People have the power to impact their environment

Neighbors received a University Heights Beautiful Home Award for creating a sustainable pollinator garden to replace most of their front lawn.

It was a sunny and mild Sunday on Glendon Road in University Heights, and I watched various neighbors using electric leaf blowers and/or lawn mowers on their lawns and gardens throughout the day. The loudest sounds were from the Northern Cardinals singing their familiar song. I decided to ask a couple of my neighbors what led them to change from gas-powered lawn care to electric yard tools.

The first neighbor and I spoke for some time over our picket fence. He shared his feelings about keeping a natural, chemical-free yard, citing the safety of grandchildren and animals. "I can live with some weeds," he said. This neighbor composts in his backyard and uses an electric leaf blower and trimmer. Describing his lawn and garden care, he noted the ease of composting and using electric tools: “So easy—it just makes sense."

Directly across the street, a neighbor and I sat down in chairs at the end of his driveway. A high-end electric lawn mower was beside us. This neighbor has a business that sells or rents electric yard tools. He spoke of his ambivalence toward using batteries due to the deleterious effects of lithium mining. Yet, for him, the short-term reduction of carbon emissions and the ease of using electric instead of gas-powered mowers and leaf blowers were deciding factors in transitioning. We agreed that there are no easy answers to replacing fossil fuels, and all we can do is the best we can at this time.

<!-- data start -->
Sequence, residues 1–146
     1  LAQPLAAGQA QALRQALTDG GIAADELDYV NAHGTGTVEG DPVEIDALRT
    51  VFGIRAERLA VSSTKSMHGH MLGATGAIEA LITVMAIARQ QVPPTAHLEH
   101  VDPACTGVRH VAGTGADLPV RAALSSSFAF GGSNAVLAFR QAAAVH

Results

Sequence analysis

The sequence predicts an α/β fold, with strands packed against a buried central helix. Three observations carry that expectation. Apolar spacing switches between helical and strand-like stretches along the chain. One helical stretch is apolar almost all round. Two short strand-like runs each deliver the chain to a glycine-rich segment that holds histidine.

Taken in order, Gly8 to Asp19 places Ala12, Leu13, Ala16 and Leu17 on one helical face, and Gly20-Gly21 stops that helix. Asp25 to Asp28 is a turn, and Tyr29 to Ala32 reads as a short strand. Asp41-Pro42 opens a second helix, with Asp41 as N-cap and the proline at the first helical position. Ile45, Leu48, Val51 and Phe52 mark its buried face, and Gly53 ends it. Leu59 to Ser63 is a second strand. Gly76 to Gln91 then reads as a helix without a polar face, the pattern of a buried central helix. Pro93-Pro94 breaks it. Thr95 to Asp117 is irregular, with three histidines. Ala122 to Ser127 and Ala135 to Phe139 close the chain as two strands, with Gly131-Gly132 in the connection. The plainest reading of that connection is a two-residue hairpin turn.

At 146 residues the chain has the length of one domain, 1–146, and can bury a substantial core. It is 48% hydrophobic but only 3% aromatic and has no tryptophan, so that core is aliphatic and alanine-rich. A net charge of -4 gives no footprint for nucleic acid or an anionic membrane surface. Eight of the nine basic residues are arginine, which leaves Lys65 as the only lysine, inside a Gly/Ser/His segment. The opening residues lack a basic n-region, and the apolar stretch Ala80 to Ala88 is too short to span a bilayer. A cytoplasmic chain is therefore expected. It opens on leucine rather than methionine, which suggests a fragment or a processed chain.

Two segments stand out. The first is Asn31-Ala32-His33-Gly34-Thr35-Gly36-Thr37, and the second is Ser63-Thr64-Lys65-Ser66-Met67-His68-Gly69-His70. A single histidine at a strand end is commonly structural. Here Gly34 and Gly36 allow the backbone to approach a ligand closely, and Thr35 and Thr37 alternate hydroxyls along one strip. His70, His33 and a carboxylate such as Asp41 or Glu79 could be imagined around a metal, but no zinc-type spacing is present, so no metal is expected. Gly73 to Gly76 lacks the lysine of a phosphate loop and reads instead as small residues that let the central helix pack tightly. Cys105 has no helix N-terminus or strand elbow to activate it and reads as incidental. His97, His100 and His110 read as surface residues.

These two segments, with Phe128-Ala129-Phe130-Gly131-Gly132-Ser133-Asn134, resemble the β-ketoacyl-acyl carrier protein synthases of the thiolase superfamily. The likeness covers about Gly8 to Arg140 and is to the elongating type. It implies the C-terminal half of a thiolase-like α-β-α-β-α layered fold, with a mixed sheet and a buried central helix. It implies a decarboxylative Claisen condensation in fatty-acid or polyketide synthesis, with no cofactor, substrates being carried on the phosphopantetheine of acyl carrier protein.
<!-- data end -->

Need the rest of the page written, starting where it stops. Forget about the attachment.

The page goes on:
These individual household choices to remove harmful emissions, high-decibel noise, and pesticide chemicals from lawn and garden care have a direct environmental impact on entire neighborhoods and beyond.

University Heights is small, only 1.8 square miles, and housing is dense along each street, with houses spaced only a few yards apart. At minimum, the use of electric yard tools improves the respiratory and hearing health of the user and their neighborhood, and eliminating lawn chemicals prevents their seepage into adjoining properties and down catch basins that flow into Lake Erie during rainstorms.

Our residents create this healthy microcosm with their insight and commitment to their neighborhoods and environment. People have the power—a beautiful aspect of humanity.   

Elizabeth Englehart

Elizabeth Englehart is a 2024 graduate of the FutureHeights Neighborhood Leadership Workshop Series and a volunteer member of the University Heights Citizens Advisory Committee on Sustainability.

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Volume 17, Issue 7, Posted 8:08 AM, 06.26.2024